• Then there’s the social media snowjob. By connecting everybody with everybody, social media will purportedly empower individuals. Instead it seems to be empowering terrorists and throwing roadblocks in the paths of brick and mortar businesses.

In health care, social media, it is said, will provide consumers with the information they need to shop for the best care, challenge physician and hospitals bills, collaborate with each other to improve health, manage and improve quality through complex algorithms mimicking clinical judgment, and bring out equitable health reform.

This may be partially so, but it also a snowjob. As Andrew Keen explains in his new book The Internet Is Not the Answer, the social media is also destroying our economy, our culture, and our values through technology overuse and creation of false, loose communities who collectively know not what they are about.

• Finally there are the snowjobs being anticipated in advance of the June Supreme Court decision on whether ObamaCare can subsidize federal exchange health plan recipients.

Obama’s lawyers are preparing a brief offering a “full-throated” defense of the Law challenging the “ strained credulity” of the political opposition, which, it claims “ does not respect the rule of the law. Its case “ rests on an acontextual misreading of a single phrse in two subclauses, ( “Obama Administration Offers Supreme Court Robust Defense of Health Law,” Kaiser Health News, January 23, 2014).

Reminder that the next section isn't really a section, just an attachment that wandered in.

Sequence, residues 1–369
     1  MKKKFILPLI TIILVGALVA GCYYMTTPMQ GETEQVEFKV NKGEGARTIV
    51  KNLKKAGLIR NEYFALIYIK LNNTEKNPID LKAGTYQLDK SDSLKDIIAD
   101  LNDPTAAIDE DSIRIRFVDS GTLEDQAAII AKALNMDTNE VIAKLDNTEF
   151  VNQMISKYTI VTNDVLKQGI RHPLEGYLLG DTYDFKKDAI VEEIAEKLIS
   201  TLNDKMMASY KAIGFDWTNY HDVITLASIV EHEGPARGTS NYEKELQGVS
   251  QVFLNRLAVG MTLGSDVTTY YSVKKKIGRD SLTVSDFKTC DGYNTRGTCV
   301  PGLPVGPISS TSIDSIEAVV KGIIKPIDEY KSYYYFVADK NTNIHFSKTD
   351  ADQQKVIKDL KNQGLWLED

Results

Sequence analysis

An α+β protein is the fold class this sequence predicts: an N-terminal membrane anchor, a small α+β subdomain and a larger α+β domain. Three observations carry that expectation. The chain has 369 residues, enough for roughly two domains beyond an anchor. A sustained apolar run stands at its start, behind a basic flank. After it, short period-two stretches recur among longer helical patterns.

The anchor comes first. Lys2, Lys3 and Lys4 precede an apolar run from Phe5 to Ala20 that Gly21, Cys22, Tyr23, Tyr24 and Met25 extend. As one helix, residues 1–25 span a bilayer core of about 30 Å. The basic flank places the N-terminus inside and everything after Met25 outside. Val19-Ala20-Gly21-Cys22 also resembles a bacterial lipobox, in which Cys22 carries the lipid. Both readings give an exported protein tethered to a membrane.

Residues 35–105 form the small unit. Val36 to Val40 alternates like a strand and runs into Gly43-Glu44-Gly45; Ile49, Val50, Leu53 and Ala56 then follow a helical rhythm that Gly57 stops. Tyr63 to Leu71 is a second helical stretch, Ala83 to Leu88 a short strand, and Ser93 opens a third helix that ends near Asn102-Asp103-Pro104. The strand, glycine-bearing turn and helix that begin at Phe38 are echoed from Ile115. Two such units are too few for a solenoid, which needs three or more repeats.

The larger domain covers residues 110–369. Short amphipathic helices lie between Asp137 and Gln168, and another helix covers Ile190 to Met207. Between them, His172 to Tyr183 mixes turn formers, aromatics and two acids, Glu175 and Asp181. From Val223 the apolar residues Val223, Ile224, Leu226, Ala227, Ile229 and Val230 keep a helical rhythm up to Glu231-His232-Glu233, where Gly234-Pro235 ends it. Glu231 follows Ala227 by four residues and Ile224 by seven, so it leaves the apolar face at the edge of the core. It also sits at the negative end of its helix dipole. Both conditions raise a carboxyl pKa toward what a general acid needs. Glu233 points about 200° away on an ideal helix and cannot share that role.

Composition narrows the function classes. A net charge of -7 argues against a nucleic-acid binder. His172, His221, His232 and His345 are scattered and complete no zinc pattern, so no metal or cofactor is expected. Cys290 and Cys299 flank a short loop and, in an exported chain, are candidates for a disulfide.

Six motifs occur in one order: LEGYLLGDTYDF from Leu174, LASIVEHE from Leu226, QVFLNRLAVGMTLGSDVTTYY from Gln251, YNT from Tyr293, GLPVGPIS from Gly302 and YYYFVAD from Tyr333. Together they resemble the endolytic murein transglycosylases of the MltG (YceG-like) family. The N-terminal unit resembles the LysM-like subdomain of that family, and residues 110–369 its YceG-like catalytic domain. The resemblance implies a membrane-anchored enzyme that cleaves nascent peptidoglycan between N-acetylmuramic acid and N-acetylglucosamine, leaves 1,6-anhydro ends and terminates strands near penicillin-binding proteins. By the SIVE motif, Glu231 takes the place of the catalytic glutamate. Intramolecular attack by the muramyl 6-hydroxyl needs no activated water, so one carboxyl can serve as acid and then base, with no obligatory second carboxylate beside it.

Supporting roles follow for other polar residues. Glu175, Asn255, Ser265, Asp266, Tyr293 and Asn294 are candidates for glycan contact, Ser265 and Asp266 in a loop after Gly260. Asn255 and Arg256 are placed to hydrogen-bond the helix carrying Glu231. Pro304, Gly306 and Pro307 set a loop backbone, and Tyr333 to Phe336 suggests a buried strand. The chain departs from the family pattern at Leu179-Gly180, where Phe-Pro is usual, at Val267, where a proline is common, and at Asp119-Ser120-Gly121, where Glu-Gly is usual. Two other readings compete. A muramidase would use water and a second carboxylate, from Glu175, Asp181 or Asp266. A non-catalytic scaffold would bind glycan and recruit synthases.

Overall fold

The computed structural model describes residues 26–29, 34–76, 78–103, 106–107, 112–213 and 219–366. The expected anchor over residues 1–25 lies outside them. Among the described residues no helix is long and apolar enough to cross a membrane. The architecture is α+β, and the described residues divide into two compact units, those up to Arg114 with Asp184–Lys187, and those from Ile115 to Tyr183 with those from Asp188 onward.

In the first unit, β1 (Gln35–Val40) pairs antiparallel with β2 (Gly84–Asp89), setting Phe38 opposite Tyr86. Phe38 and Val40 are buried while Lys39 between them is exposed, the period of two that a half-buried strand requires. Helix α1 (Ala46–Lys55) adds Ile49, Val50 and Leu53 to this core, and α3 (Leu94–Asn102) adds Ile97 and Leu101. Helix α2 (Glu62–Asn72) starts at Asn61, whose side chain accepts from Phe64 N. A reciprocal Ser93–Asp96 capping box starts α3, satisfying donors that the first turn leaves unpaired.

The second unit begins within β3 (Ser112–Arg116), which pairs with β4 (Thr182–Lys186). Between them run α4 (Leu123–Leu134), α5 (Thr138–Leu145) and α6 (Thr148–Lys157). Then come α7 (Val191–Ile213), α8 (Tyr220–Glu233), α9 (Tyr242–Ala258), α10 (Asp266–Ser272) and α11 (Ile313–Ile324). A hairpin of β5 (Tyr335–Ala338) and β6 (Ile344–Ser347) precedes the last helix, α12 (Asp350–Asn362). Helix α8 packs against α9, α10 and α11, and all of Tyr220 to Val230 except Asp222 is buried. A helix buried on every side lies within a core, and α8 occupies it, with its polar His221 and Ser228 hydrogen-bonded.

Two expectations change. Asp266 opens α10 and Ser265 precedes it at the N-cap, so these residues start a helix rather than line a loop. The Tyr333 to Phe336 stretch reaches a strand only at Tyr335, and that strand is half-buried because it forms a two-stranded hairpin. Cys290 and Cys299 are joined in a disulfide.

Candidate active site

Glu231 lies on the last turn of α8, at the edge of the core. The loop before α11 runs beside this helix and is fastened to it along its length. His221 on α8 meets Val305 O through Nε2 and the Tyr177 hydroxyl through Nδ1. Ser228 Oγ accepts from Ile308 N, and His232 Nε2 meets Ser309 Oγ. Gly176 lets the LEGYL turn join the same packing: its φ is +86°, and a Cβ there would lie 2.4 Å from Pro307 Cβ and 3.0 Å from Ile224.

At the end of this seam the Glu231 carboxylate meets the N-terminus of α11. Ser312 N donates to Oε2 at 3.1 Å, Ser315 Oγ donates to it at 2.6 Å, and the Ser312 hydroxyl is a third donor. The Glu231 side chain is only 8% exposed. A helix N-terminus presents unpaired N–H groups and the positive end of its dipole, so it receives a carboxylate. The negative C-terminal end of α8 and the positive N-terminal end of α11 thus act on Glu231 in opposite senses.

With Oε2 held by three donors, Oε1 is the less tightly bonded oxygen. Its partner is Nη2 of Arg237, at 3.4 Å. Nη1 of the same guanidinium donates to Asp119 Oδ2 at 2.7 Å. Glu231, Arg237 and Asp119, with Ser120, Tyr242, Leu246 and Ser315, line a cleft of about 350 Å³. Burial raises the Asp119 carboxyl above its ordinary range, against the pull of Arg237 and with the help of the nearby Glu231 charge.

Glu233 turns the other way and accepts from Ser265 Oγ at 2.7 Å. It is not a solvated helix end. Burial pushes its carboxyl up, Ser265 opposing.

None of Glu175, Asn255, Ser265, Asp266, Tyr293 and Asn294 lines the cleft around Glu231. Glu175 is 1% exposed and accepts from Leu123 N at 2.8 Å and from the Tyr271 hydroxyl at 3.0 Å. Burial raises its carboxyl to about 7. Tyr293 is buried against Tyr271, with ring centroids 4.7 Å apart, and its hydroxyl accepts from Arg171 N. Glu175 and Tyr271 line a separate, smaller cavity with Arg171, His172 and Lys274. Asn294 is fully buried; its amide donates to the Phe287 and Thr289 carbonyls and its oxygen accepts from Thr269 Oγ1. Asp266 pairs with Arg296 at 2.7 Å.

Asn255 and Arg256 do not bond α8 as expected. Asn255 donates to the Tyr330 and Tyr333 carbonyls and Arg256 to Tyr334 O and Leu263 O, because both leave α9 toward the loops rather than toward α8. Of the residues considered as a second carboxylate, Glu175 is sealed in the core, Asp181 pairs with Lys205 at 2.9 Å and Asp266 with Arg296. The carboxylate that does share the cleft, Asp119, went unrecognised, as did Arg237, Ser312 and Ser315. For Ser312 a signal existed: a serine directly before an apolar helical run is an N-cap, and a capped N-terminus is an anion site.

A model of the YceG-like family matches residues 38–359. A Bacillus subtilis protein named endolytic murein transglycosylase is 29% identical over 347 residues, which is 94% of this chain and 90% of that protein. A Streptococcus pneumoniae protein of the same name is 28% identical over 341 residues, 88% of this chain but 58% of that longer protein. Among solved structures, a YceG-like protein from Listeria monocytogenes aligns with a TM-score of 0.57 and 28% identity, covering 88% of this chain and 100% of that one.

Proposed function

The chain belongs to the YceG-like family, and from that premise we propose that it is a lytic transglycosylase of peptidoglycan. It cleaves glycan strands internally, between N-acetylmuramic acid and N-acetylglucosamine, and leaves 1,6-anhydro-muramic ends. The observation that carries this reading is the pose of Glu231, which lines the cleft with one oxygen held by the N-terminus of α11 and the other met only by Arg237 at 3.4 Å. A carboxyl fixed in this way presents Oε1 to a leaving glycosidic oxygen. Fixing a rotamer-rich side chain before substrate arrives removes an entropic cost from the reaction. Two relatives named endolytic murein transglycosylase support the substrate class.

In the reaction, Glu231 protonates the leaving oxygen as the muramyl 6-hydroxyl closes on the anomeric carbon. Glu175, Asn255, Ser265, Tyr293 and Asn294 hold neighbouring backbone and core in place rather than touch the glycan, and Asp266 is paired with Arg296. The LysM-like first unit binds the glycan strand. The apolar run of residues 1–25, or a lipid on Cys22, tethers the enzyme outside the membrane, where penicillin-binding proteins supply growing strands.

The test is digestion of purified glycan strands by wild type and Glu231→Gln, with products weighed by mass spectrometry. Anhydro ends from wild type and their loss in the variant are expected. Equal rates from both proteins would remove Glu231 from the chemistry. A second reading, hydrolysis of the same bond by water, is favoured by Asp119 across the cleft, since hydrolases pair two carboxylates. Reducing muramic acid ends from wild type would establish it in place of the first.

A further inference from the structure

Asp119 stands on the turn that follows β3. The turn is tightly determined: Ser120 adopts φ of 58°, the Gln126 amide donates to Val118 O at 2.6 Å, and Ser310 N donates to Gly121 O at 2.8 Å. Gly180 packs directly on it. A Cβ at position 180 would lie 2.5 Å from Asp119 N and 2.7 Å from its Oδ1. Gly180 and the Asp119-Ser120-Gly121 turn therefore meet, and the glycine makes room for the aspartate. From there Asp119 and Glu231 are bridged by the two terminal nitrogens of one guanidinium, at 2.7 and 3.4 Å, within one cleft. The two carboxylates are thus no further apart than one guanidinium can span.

Republicans, who profess to be optimistic the Court will rule in favor of denying subsidies, are adamant. If the Court rules as they think it will and Plan A, repealing ObamaCare failes, they will go to Plan B, which will consist of an alternative to ObamaCare. Their alternative will gut ObamaCare of the individual and employer mandates. Three GOP senators, Lamar Alexander (Tennessee), Orrin Hatch (Utah), and John Barbasso (Wyoming), are now formulating Plan B. B's details of which are not yet known. But says Orin Hatch, never mind “The courts are likely to decide against ObamaCare. The language is totally unambiguous. I don’t see how they can ignore the unambiguous language that is clear-cut.” (Alexander Bolton, “Senate GOP Plots Plan B for ObamaCare,” The Hill, January 27, 2014).